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Home > Projects & DIY Toolkit > Buying Guides > BBQ Buying Guide - Smokers + Ovens

BBQ Buying Guide - Smokers + Ovens

Start The Sizzle! BBQs, Grills, & Outdoor Cooking

Outdoor cooking doesn't have to be a seasonal sport—did you know that you can grill year-round with the right BBQ equipment and accessories? Yes, even in Canada! Explore Lowe's great selection of BBQs, grills, outdoor ovens, and smokers below. Whether electric, gas, or charcoal, we've got the right outdoor cooking system to make sure you and your guests enjoy a delicious meal in the fresh outdoor air. And we're even recommending a few of our favourite recipes!


  • Get that distinct and delicious smoky flavour on all your favourite meats, seafood,
    and veggies—right at home! Not sure how to smoke your food successfully?
    Check out these handy tips for doing it right.
  • Think of a smoker as a large BBQ which cooks food with less heat over longer periods of time.
  • A smoker uses the heat from smoke to cook food instead of heat directly generated from fuel.
  • Food is often left to slow-cook in a smoker for somewhere between 3 and 12 hours, ensuring tenderness and maximum flavour penetration.
  • A variety of flavours can be achieved by burning different materials to generate smoke (cedar, maple, charcoal, etc.)
  • Depending on the fuel source, a smoker's materials often burn slowly and are therefore more economical than a traditional gas BBQ's fuel.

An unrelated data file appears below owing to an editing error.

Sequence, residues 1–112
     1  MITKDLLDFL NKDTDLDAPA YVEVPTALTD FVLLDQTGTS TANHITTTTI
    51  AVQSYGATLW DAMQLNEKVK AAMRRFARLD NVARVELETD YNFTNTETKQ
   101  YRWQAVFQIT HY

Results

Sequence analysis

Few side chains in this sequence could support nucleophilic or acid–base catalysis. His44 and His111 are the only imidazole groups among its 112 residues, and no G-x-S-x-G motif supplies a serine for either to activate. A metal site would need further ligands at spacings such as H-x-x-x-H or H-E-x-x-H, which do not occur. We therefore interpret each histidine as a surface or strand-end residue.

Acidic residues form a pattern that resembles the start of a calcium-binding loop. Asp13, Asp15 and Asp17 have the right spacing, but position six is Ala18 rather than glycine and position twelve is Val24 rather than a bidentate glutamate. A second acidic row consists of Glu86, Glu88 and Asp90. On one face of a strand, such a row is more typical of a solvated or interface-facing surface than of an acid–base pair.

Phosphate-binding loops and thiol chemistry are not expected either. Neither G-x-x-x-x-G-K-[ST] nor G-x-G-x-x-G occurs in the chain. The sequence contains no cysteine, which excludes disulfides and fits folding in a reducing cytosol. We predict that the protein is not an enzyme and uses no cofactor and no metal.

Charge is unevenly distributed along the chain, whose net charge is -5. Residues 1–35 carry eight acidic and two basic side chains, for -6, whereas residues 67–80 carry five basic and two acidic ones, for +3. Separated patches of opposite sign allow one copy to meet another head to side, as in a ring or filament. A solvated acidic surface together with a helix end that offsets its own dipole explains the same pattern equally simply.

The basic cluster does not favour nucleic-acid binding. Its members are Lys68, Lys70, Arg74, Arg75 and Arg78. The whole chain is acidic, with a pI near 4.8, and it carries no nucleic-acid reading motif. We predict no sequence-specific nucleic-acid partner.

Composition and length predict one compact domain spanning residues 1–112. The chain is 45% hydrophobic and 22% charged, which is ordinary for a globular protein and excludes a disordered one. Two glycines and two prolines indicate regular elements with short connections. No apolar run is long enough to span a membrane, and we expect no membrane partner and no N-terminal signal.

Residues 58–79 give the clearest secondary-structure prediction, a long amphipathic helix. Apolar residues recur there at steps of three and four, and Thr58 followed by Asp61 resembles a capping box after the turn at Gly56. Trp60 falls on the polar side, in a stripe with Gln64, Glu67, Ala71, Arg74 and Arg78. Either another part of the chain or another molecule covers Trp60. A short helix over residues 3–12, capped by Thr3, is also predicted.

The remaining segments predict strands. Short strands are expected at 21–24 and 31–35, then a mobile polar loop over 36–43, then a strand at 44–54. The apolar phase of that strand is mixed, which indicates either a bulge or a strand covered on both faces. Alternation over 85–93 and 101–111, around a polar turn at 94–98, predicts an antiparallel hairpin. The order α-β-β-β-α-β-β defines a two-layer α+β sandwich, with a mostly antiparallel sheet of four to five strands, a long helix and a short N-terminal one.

Shop All Outdoor Fryers | Shop All Outdoor Ovens Shop All Outdoor Fryers Shop All Outdoor Ovens

Outdoor Ovens and Fryers

  • Outdoor ovens are typically wood-burning and can be used to cook anything a conventional oven can, although pizza is a favourite due to the high heat generated by these units and their flat stone cooking surface.
  • Outdoor fryers are large-capacity vessels that run on propane and contain a removable basket that can be lowered into preheated oil. Put a fun twist on the traditional Thanksgiving turkey using an outdoor fryer—or invite friends and neighbours to a fish-fry in your backyard!
  • Always follow these safety tips when using an Outdoor Fryer:
    • Make sure the fryer is on a secure, level, sturdy surface.
    • Purchase a fryer with temperature controls, and watch them carefully.
    • Watch the weather; do not operate a fryer in rain or snow.
    • If you notice the oil is smoking, turn the fryer off immediately.
    • After frying, cover the leftover oil and let it cool overnight before disposing.
    • Always keep children and pets away from an outdoor fryer.

Top Ten Tips For getting The Most Out Of Your Smoker

Ready to get into the wild and delicious world of slow-cooking with a smoker? Whether you're a flavour-loving beginner or a seasoned expert, these handy tips on proper smoking techniques will ensure you get the smokiest and most mouth-watering results.

Weber Smokey Mountain Porcelain-Enameled Charcoal Vertical Smoker

Pictured: Weber Smokey Mountain Porcelain-
Enamelled Charcoal Vertical Smoker

  1. Start Raw. The flavour compounds in smoke penetrate raw foods best,
    because of the fat and water still present in the foods. As the surface of your food cooks and dries out, smoke will not infuse it as efficiently.